appraisal fees, $12,722.28 in late charges, $13,985.85 in delinquent taxes, $50 for a property
report, and $9360.08 in attorneys’ fees.1
The Court finds that WSFS is entitled to $2,135,619.62 in principal. The Note provides
that WSFS could make the entire account balance immediately due and payable in the event of
default. Defendant admits that he did not make regular monthly payments under the terms of the
note and mortgage for the months of August, September, October, November, and December
2015, which constituted a default. Defendant also admitted that he had not satisfied that account
balance. Finally, Plaintiff has submitted an affidavits from WSFS’s Vice President, John B. Beal,
affirming the amount of principal owed. Pl.’s Mot., Ex. C, ¶ 12 (Doc. No. 11-6). Therefore, the
Court will award WSFS $2,135,619.62.
The Court finds that WSFS is entitled to $93,806.99 in interest plus continuing interest at
the $204.23 per diem rate for each day after October 14, 2016 until such time that the account is
paid in full. Defendant argues that the interest owed and the per diem rate have no evidentiary
support. Defendant further argues that the increase in the per diem interest rate in January 2016
points to the possibility of an overstatement of what Defendant owes under the Note. Def.’s Br.,
1 The Court notes that one of Defendant’s arguments against summary judgment is that discovery has not
been completed. Defendant claims that he is entitled to complete discovery regarding the amounts he owes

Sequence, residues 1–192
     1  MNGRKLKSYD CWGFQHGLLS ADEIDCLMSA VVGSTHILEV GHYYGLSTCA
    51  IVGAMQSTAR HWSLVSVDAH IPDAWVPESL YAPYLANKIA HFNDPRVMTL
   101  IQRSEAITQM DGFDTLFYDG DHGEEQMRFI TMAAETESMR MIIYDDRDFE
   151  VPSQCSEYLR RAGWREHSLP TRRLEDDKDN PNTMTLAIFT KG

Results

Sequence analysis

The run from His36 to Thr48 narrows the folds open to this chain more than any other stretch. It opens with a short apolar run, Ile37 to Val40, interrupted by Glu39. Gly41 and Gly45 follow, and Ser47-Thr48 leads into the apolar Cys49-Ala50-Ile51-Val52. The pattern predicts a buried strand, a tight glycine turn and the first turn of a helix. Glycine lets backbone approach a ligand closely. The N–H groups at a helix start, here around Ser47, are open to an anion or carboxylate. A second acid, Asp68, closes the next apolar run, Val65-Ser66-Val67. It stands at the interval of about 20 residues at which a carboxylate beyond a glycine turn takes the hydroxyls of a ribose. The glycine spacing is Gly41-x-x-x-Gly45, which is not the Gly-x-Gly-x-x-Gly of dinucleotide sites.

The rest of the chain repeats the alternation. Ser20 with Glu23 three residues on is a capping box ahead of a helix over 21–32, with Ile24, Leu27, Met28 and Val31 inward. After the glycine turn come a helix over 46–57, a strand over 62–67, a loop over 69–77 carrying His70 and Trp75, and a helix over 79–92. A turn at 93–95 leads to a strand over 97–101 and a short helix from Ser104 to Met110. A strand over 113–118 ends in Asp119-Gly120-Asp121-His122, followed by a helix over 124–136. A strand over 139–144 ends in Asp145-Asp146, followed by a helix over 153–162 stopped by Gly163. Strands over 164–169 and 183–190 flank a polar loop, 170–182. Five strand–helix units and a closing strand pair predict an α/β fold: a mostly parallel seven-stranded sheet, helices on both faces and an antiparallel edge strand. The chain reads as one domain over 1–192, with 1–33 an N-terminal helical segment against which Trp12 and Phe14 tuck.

under the Note. Def.’s Br., at 7. This argument must fail. Federal Rule of Civil Procedure 56(b) states that “a
party may file a motion for summary judgment at any time until 30 days after the close of all discovery”
unless a different time is set by local rule or court order. There is no conflicting local rule or order from this
at 7. WSFS’s Vice President affirmed the amount of interest owed and explained that the per
diem rate increased in January 2016 due to a change in the Wall Street Prime Rate, which is the
rate of interest applicable to the Note. Pl.’s Mot., Ex. C, ¶ 12; Pl.’s Resp. Br., Attachment 2, ¶ 9
(Doc. No. 18-3). Therefore, the Court will award WSFS $93,806.99 plus continuing interest at
the $204.23 per diem rate for each day after October 14, 2016 until such time that the account is
paid in full.
The Court finds that WSFS is entitled to $870 in appraisal fees. Defendant argues that
there is no evidence existing to determine whether the Plaintiff incurred these fees in connection
with enforcing Defendant’s Note obligations. WSFS’s Vice President affirmed that WSFS
incurred these charges for appraisals in May 2012 and June 2015 in connection with its efforts to
enforce Defendant’s obligations under the Note. Pl.’s Resp. Br., Attachment 2, ¶ 6. Therefore,
the Court will award WSFS $870.
The Court finds that WSFS is entitled to $5440.70 for late charges. Defendant took issue
with Plaintiff’s claim for $12,722.28 in late charges in their complaint. Defendant argues that a
lender may not impose late fees for failure to make monthly payments after acceleration of the
Note, unless the Note specifically allows for continued late fees. Def.’s Br., at 5-6.2 Defendant
also claims that there is “no way to verify the Plaintiff’s calculation of the alleged late fees in